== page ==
Meet Anowara Shuley: Sewing Fabrics and Reaping Success

By Meagan Rees, Youth Business International

Meet Anowara Shuley: Sewing Fabrics and Reaping Success

Anowara Shuley is challenging traditional beliefs, empowering destitute women and educating the poor. Following a family dispute which left her destitute, she embarked on a self-funded tailoring course. At the age of 24 she launched her business, Shawon Hosto Shilpo, producing fashion and handcrafted products for sale in Dhaka in Bangladesh.

However, due to a lack of finance, her business could not grow. YBI member B’YEAH was willing to help: a $1,875 start-up loan and mentoring support has seen Shawon Hosto Shilpo (named after her son) blossom into a business employing 6 full-time and 160 part-time staff (during festive seasons like Eid, the number can more than double), and boasting an annual turnover of $18,000.

‘I was determined to overcome these obstacles and achieve my goal’

Anowara grew up in a small Bangladeshi town in a family struggling to make ends meet. Tradition often dictates that girls marry young and focus solely on domestic matters. Anowara also married young and had children. But a rift with her husband’s family left her almost penniless.

After selling some of her remaining possessions, Anowara enrolled in a tailoring course. A situation of desperation turned into one of determination as she took her craft to women in the neighbourhood, making them shalwar kamiz sets (traditional dresses) which received glowing reviews. In addition, she distributed advertising leaflets and networked in the community to increase her and her products’ profile.

Networking gave her a foot in the door with a local boutique. However, she had to brainstorm and persevere to improve the quality of her products to meet client satisfaction. Anowara’s determination was rewarded when the boutique placed several orders with her – a significant first step in the competitive market.

Today she receives orders from boutiques and supermarkets. Her business produces 8,500 items (samples and her designs) per year ranging from traditional garments to baby dresses and cushion covers. The rapid expansion of her business has led to her training and employing 160 part-time and 6 full-time employees. Anowara provides training and employment for several destitute women from her neighbourhood and enables many married women to earn an income and expand their skills while working from home.

She also counsels employees experiencing personal difficulties; refers workers to B’YEAH for support; and allows flexible work hours enabling employees to enrol in education courses. In addition, Anowara has helped three women start their own ventures, and she has opened a literacy centre in her home where she teaches the elderly and impoverished.

B’YEAH has called Anowara a “star entrepreneur” from a business and social commitment perspective. “Her devotion and perseverance towards her work is extremely inspirational. Everyone can see her motivation to do better every day, and she has become a role model for many women in her community.”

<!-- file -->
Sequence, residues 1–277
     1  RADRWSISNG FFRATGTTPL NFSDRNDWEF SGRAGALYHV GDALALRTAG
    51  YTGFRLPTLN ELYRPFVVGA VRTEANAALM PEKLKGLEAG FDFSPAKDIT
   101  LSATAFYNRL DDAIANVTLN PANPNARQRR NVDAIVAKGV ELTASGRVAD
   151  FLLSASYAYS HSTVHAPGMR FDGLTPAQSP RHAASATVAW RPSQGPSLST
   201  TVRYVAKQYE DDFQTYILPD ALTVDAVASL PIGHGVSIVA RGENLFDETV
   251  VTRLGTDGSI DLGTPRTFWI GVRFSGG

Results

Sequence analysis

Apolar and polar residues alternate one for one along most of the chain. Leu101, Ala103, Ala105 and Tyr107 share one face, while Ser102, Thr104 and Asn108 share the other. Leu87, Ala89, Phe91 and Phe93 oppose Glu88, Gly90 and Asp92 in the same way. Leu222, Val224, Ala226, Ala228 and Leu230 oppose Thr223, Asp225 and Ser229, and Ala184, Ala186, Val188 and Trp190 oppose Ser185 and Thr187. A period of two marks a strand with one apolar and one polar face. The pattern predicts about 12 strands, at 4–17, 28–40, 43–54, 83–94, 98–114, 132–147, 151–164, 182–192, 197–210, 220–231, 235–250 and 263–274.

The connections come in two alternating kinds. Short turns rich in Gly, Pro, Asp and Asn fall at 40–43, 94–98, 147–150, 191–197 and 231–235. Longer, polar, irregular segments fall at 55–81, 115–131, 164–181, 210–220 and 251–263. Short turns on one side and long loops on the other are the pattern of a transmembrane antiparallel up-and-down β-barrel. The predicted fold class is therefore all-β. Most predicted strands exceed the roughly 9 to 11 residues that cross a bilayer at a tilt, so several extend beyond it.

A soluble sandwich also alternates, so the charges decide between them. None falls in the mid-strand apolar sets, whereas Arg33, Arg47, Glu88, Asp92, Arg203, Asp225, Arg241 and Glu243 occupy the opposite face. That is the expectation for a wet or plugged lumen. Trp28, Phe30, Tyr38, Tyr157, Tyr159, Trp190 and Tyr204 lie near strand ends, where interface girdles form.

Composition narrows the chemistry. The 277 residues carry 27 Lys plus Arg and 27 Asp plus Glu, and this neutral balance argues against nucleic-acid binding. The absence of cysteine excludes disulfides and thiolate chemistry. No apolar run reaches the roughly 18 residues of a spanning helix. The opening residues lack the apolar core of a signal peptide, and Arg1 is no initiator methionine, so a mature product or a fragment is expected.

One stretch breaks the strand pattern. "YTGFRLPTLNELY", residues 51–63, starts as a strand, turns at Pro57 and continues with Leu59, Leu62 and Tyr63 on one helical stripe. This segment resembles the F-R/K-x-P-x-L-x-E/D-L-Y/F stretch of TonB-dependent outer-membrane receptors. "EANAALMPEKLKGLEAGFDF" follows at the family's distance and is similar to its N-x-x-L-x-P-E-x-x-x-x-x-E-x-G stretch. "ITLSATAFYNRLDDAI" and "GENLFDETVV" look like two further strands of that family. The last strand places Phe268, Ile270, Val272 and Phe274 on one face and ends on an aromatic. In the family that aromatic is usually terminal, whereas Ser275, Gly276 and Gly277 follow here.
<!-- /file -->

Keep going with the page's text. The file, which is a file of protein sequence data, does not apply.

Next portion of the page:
Anowara has been recognised by Youth Business International (YBI) for her business success and contribution to society. She received a ‘Highly Commended’ mention in the Women Entrepreneur of the Year category for the 2013 YBI Young Entrepreneur Awards.

Q&A with Anowara Shuley:

Q: What businesses inspire you?

A: My aunt was my first inspiration. She operated a similar business in a remote area of Jamalpur and supported her. She also inspired and gave paid work to other women who could help support their families.

Q: What do you enjoy most about running your business?

A: I enjoy giving training to my new workers, apprentices and any trainees, and I enjoy developing new designs.

Q: Where do you see yourself and your business in 12 months’ time?

A: I see myself having a decorative shop in a lucrative commercial location selling my own goods.

Q: Why do you feel that so many entrepreneurs’ businesses struggle to take off?

A: All young entrepreneurs, especially women, have to confront so many obstacles – from family to several other social and economic barriers. Many persevere and try and fight the odds, but many struggle and fail to overcome these challenges.

Q: What does it mean to you to be regarded as one of the top young entrepreneurs in the world?

A: It is beyond my imagination. I used to be an introverted person. Over the years my business has flourished within community, and it is expanding, which I hardly imagined in my wildest dreams.

Q: What piece of advice would you pass on to young entrepreneurs?

A: I always advise aspiring young entrepreneurs to focus on their own potential and not become intimidated by others’ businesses which are potentially doing better. Get skills training and work in a business to gain practical knowledge and experience so that they can run a business independently, be familiar with the business community/network, and empower their employees and inspire them to give their best.

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